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chrysler1941 last won the day on April 11

chrysler1941 had the most liked content!


About chrysler1941

  • Rank
    Factory Original Connoisseur!

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  • Interests
    Vintage technology and electrics
  • My Project Cars
    1941 Chrysler Royal Coupe


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  1. I would really like to see where it's printed. No future owners will have problems with my car, as 7 it's not covered in manuals related to the model. Author has 3 projects and only one is post war πŸ˜€ Conclusion, all 3 grumpy old men are right. 7 o'clock position was not mentioned until 1949/50 probably to streamline diagnostic procedure as you both mention. Maybe flipped distributor is not a correct word. Rotate? Turned? Notice vacuum chamber. See attached picture of before 49 and after. Why ?
  2. These pumpkins are different. As far as I know, no one makes parts for them.
  3. From the manual 12. REMOVAL OF MASTER CYLINDER. - Disconnect the brake line tubes at the master cylinder. Disconnect brake pedal from master cylinder. Remove the bolts which attach master cylinder to chassis and lift out the master cylinder assembly.
  4. 2 threads with MoPar batteries. That's confusing but ok. Wait till you guys see mine when I'm done πŸ˜‰ I'll be posting photos on the older thread.
  5. Nah....Dodge truck did not sport these flashy batteries LOL
  6. No never because none of my books say anything about 7 so it will never confuse me. What's more strange why the flipped the distributor 180 degrees in 1949/50
  7. @Plymouthy Adams Of course I don't have all the editions of manuals. I do have the 1937-42 up to P14 manual and no, nothing about 7. See attached pdf. @Los_Control LOL this drawing is all wrong. My wires are not 90 degrees 🀣 Agree, oil pump at TDC as in manual, but what I meant is, if someone forgot or turned the crank, no harm is done, just make sure firing at 1 and its not wrong Pages from 1936-1942 Plymouth Shop Manual.pdf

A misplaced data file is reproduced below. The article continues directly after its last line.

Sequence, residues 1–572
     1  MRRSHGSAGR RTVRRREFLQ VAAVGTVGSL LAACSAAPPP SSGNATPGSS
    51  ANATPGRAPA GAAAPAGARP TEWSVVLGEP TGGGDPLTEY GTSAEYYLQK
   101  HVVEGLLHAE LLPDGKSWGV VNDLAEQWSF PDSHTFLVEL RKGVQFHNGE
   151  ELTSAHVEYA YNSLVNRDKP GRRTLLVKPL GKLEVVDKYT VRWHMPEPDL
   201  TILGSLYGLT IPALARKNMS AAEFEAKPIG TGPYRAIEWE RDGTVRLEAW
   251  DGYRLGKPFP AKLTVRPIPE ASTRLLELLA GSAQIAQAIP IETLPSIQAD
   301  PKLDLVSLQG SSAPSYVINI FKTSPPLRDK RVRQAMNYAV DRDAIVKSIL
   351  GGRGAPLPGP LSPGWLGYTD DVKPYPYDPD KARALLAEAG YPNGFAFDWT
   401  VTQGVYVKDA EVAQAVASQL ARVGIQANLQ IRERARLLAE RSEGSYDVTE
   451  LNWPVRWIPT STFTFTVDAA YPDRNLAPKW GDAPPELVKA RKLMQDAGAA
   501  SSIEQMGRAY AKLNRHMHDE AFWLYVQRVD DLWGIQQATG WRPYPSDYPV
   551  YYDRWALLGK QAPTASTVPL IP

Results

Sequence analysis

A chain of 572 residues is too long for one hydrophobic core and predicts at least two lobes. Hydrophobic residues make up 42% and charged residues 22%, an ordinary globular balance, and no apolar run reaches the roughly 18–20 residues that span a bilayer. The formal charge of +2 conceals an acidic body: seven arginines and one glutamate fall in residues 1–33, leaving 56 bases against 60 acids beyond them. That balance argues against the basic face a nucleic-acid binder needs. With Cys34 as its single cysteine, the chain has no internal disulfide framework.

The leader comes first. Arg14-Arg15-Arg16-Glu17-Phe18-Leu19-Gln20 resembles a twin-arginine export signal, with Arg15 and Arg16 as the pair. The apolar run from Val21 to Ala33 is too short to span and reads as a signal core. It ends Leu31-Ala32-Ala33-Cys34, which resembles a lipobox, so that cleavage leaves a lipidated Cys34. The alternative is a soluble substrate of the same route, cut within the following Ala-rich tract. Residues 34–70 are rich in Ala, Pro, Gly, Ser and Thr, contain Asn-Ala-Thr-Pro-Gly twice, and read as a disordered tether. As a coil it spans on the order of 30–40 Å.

8. No your Volvo was working correct. My dad's Volvo was the same. Although I never let of the gas when pressing the OD button. I actually have one of these OD lying around. but I'm not going to use it it. Not messing with my propeller shaft. ☺️
  9. I'm a bit puzzled by your answer. Maybe I'm not understanding you. At a point you acknowledge the position doesn't matter , but then you come back to do it correct . What do you define as do it correct ? I have now gone through, Plymouth, DeSoto and Chrysler shop manual and there is noting about 1 0r 7. or correct way.. I don't know who came up with this. Only text I could find was this: When installing the distributor assembly on the engine, see that number one piston is at top dead center on compression stroke and the distributor rotor is in number one firing
  10. Not on stone, nor on paper. Any position will work as longs as #1 cylinder fires at TDC.
  11. Difficult to say not knowing what has been done. Running 12 v? Loose connection? Faulty sender ?
  12. Did they now or is this just what we are told ? My 1941 Chrysler Part List shown the MoPar battery in the list. Not Willard. It could be Willard internals, but the casing was so much different. But agree, why are there no MoPar batteries left somewhere? Maybe it's like today, no one buys OEM batteries. Too expensive πŸ˜€
  13. And neither did the author of Hemmings battery article. Pre war life always seem to an undercommented mysterious gray zone for us living now.
  14. It's shop manual covering pre war Chryslers. It's a pdf of 300 pages with nice drawings. I can upload it to you if you have ftp or dropbox. Pages from Chrysler Shop Manual C28 C30 C33 C34 C36 C37 C38 C39 C40.pdf
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